The Freight Service 1

bill, lading, bills, foreign, copies, port and usually

Page: 1 2 3 4 5 6

17. The bill of bill of lading (B/L) is a receipt for the goods received on board a vessel and contains the terms of the contract of carriage. Usually it is signed by the master of the vessel acting as agent for the owner. A bill of lading is some times used in connection with a charter party, but as a rule is found only where a common carrier is used.

The document is of great importance because it conveys title to the goods shipped. Several copies, never less than three, are drawn up. Some of these are "negotiable," others are "non-negotiable." The negotiable copies, of which as a rule two are signed, are the only instruments by means of which the ownership of the goods can be transferred. They are the copies which must be sent to the foreign cus tomer and which must be attached to the "documen tary bills" discounted at the bank.

The banks will demand "a full set," tho one nego tiable bill is sufficient to obtain possession of the goods. On each negotiable copy the number of negotiable copies in existence is, therefore, indicated.

The non-negotiable copies of bills of lading do not give title to the goods, but are used for purposes of record. One copy is given to the captain who uses it to make out his "manifest." Another ',opy may be kept at the office of the exporting firm, while yet another may be forwarded to the foreign customer as a notice that the shipment has actually taken place. Sometimes consuls require copies of bills of lading for their files.

Many bills of lading are made out "to order," to which may be added a clause: "Notify Enrico dez," or whatever is the name of the consignee. Venezuela, Colombia and Costa Rica do not allow "to order" shipments.

Each charter issues its own bill of Jading, but all bills are much alike in appearance. The major part of the bill is made up of- "exceptions," by means of which any liability is disclaimed in case of disaster or other accidents resulting from causes other than "unseaworthiness." The "clean" bill of lading bears no additional excep tions other than those printed. When a shipment arrives in bad condition at the steamer's wharf the company will either refuse to handle it at all or else will issue a "foul" bill, which is a bill bearing a marginal note stating that the goods were received in damaged condition. Banks naturally do not look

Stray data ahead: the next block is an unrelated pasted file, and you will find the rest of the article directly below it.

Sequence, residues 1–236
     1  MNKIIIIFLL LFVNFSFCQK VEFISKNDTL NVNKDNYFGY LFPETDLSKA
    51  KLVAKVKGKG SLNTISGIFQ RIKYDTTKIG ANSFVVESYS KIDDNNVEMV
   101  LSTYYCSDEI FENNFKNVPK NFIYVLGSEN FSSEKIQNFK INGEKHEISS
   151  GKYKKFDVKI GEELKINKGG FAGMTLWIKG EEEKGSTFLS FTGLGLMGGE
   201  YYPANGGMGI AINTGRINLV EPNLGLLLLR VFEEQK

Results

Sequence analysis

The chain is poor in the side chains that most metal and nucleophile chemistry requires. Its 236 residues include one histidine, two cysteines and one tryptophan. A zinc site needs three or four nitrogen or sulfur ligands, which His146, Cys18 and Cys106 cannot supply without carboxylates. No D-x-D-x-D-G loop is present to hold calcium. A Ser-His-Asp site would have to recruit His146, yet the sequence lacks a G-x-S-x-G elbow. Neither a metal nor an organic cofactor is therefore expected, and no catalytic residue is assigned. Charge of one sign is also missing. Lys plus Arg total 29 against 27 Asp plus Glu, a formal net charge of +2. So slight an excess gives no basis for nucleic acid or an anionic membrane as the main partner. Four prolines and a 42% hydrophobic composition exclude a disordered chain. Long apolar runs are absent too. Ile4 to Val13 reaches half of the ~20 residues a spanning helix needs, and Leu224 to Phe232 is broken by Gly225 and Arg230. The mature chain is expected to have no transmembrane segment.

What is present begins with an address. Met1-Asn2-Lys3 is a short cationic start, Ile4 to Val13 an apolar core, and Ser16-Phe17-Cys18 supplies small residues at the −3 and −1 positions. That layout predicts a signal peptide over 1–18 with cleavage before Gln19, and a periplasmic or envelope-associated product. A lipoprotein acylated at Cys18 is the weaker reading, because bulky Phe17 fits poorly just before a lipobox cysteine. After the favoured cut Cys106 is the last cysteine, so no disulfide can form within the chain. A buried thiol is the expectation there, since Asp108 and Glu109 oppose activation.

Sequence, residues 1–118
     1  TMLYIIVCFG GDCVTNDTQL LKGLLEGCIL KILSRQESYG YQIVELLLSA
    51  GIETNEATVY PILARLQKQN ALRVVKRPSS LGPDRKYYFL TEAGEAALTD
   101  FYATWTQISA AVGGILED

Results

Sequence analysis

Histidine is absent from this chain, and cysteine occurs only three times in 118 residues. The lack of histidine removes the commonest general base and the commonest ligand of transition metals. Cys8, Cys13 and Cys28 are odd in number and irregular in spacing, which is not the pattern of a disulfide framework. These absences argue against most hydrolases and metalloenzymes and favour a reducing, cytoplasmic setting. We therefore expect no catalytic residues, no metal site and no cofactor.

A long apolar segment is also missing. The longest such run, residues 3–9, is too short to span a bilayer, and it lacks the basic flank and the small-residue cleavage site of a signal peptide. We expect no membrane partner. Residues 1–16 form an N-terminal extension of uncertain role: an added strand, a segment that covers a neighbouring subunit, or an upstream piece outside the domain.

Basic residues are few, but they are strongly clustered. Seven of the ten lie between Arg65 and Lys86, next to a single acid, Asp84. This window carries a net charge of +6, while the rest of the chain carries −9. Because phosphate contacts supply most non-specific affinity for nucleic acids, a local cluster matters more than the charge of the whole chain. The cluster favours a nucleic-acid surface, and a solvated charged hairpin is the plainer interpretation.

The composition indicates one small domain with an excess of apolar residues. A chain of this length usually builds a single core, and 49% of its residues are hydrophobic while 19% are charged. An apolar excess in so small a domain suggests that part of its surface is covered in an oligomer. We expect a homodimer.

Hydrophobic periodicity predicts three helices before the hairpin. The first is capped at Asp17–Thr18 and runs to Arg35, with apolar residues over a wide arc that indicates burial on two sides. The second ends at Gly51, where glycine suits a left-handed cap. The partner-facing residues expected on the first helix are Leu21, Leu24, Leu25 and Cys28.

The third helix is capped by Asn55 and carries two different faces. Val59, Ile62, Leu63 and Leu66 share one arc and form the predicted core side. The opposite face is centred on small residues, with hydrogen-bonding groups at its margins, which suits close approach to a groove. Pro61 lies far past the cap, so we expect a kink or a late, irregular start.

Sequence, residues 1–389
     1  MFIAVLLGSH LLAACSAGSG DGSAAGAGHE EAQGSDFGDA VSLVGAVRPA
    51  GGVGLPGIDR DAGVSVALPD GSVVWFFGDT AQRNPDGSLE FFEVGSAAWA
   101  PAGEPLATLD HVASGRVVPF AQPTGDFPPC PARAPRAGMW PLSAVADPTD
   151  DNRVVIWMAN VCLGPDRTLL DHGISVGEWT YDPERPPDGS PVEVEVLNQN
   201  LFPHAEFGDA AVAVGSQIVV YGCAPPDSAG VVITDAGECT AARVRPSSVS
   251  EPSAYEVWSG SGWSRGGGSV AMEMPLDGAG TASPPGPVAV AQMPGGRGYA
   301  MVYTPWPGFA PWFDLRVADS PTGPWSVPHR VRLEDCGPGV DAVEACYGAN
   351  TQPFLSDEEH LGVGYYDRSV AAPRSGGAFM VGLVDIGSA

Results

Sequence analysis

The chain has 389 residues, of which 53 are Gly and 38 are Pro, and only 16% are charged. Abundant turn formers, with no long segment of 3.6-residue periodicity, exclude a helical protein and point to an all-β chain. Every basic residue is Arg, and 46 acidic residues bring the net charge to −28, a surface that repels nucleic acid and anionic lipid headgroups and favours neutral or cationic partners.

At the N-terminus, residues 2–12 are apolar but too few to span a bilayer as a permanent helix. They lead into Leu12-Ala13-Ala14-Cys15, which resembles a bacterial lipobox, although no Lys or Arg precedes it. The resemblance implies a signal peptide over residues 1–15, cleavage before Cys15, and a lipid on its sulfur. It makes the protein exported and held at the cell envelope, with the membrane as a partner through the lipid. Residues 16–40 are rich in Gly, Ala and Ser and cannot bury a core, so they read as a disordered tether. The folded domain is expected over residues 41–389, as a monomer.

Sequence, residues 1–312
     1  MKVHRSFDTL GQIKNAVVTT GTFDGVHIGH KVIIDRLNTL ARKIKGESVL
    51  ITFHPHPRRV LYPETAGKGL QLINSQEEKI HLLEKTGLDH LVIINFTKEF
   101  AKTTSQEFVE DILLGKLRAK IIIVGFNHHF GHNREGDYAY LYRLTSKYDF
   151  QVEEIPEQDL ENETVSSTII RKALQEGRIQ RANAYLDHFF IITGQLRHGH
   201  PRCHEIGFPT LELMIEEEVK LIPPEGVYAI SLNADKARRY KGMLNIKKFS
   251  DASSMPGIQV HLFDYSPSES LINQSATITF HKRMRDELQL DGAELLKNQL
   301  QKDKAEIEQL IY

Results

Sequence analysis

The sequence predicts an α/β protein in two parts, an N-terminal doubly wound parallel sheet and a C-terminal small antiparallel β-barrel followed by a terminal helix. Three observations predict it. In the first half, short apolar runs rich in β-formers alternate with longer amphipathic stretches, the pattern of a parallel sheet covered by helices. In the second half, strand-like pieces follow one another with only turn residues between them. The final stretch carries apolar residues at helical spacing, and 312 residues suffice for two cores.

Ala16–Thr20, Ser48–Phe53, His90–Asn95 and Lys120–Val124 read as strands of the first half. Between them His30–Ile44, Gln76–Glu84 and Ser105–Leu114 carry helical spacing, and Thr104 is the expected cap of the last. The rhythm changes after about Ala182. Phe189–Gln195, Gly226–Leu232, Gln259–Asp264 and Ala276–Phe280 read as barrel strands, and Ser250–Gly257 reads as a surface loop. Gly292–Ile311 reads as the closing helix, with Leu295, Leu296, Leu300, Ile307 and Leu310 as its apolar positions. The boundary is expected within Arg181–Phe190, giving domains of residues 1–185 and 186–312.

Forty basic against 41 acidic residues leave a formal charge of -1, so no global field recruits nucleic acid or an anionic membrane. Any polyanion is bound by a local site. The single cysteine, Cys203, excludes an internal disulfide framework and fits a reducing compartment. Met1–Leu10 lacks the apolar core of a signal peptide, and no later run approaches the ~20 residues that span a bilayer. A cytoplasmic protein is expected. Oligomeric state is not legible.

with favor upon such bills as collateral.

"Minimum" bills of lading are the lowest sum for which a steamship company will issue a bill of lading. Usually this amount is $5.00. Small parcels may sometimes be shipped with "parcel receipts" issued against them. Samples are frequently handled that way. Many steamship lines do not handle parcels. The latter must then be sent by parcel post, express company, or freight forwarder.

Most railroad companies will issue "thru bills of lading" from points on their lines to the foreign port or even inland points. As far as shipments beyond the foreign port are concerned these can usually be more advantageously attended to by the foreign cus tomers or the exporters' agents.

18. routing of freight is not always the most economical, nor always possible. Even where direct connections exist it may be that sailings are so infrequent and roundabout that it is speedier and frequently less expensive to ship the goods to some European port for trans-shipment.

The Australian and South American services from England and the Continent compete with the direct lines from the United States. Many of the Baltic' ports and the ports of the Mediterranean are more easily reached by trans-shipment than by direct con nections.

The rates for these services are usually competitive. The real competition is felt in the service rendered. As a rule, trans-shipments should be avoided. They may result in delay in the port of reshipment and they increase the risk of breakage and damage in handling.

Where trans-shipment takes place in a foreign port the risk is borne by the shipper except in the case of gross negligence. This is covered by a clause in the ocean bill of lading.

19. Size of oversea tonnage which is actually cleared year by year in the American ports reaches an enormous figure. The following table gives the tonnage of vessels cleared and entered in foreign trade in the United States for the fiscal year ended June 30.

According to the annual report of the Department of Trade and Commerce of the Dominion of Canada, the tonnage of sea going vessels, exclusive of coasting vessels, cleared at and entered from Canadian ports, for the fiscal years ended March 31 was :

Page: 1 2 3 4 5 6